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Green-Grit deal: "No one wanted this" 

[PoliticsWatch updated 4:30 p.m. April 13, 2007]

Liberal leader Stephane Dion and Green Party leader Elizabeth May announced a deal on Friday to cooperate in the next election.

OTTAWA  — Liberal Leader Stephane Dion's deal with Green Party Leader Elizabeth May gained the Grit leader headlines Friday but there are signs it could create more problems for his tenuous grip on the party.       
 
Dion and May held a news conference in Nova Scotia to announce that the Liberals will not field a candidate in the Central Nova riding which May will attempt to win in the next election. In return, the Greens won't run a candidate in Dion's riding, the Liberal stronghold of Saint-Laurent -- Cartierville.  

But Liberal insiders tell PoliticsWatch that the decision was made over the objection of many Liberals. 
 
"No one wanted this," one Liberal insider told PoliticsWatch. "Not one MP and not the co chairs in Nova Scotia for the campaign."

The deal with the Greens was conceived and pushed by Dion's national campaign headquarters, according to the insider. 

"They consulted in Nova Scotia with senior Liberals and no one wanted it. The local Liberals are furious in Central Nova. They were looking for a candidate."

"Many Liberals will vote Tory."

Dion's decision to go ahead and make a deal with May has revealed more internal squabbling over the new Liberal leader's early performance. 

On Thursday, Le Journal de Montreal reported unnamed sources told them that Liberals were eager for an early election defeat so Dion could be replaced.

An SES Research poll released this week showed that Dion was rated as Best PM by just 16 per cent of "committed voters." 

A breakdown of numbers was even more troubling. They showed Dion was rated Best PM by only 10 per cent of respondents in his home province of Quebec and by just 44 per cent of Liberal voters nationally. 

Last month, PoliticsWatch was told that behind the scenes some Liberals are becoming increasingly concerned with having a number of supporters of former prime minister Paul Martin in key party positions for the upcoming federal election and the perceived lack of outreach to supporters of other leadership camps. 

The consensus of many Grits in Ottawa is that given Dion entered December's Liberal leadership convention with just 17 per cent of the delegates and the support of less than a dozen MPs it will be virtually impossible for him to survive if he does not win the next election. 

As well, Dion's announcement appeared to be a closely guarded secret that may have surprised other MPs and top Liberals. 

Just hours before the story was leaked to the Canadian Press, Martha Hall Findlay, who Dion appointed to help the Liberals at the grassroots level in the run up to the election, appeared unaware that a deal was in the works while she spun seemingly against May on CTV Newsnet's Mike Duffy Live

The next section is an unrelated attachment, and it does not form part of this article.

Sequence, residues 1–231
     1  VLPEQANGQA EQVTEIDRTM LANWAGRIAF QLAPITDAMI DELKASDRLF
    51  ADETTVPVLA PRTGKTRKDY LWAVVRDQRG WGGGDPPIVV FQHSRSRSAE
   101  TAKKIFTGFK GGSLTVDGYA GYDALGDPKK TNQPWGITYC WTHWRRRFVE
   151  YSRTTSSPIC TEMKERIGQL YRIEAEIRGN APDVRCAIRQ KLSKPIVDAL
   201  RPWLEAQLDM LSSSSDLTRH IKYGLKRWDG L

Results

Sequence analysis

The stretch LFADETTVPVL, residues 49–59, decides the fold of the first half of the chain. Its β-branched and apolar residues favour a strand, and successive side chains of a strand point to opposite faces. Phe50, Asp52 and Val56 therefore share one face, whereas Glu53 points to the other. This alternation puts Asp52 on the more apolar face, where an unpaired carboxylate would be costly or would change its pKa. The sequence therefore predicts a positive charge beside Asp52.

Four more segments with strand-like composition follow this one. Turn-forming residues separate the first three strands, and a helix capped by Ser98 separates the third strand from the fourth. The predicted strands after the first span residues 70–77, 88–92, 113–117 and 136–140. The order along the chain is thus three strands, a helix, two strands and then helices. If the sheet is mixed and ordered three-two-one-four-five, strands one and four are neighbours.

"I think that's wonderful that Elizabeth May thinks Stephane Dion would make a great prime minister," Hall Findlay said.

"I think it begs the question of why she wouldn't being running as a Liberal. I think that as a national party our default position is to run somebody in every riding."

Dion said at the press conference Friday that the decision was made to have a deal with May because of the "exceptional circumstances" created by the climate change "crisis" Canada is facing.

"We know that there are times to be able to be open to other views when we are able to work together better for Canadians and it will be the case in Central Nova," he said. 

The decision increases May's odds of unseating Conservative Foreign Affairs Minister Peter MacKay in the riding, however she acknowledges that it is an uphill battle. 

In last year's election, MacKay won 40.6 per cent of the vote and finished over 4,000 votes ahead of NDP candidate Alexis MacDonald, who won 32.8 per cent of the vote. The Liberal candidate won 24.5 per cent of the vote. The Green candidate in 2006 won a dismal 1.5 per cent of the vote. 

May finished a strong second ahead of the Conservatives and the NDP in a byelection in London, Ontario, late last year. 

Dion is not facing a major battle in his riding and the Green party candidate not running against him is pretty much meaningless. 

However, in return, Dion appears to have gained comments at Friday's press conference from May that the Liberals will probably be tempted to use for a television commercial in the dying days of a close election campaign. 

"I have confidence in Stephane Dion," May told reporters. 

"I see in Mr. Dion a true leader for this country because I worked with him," she added, noting his performance at the 2005 climate change conference in Montreal.

 "There's no deal that can make me say these things. Anybody who knows me knows I've been saying these things for months."

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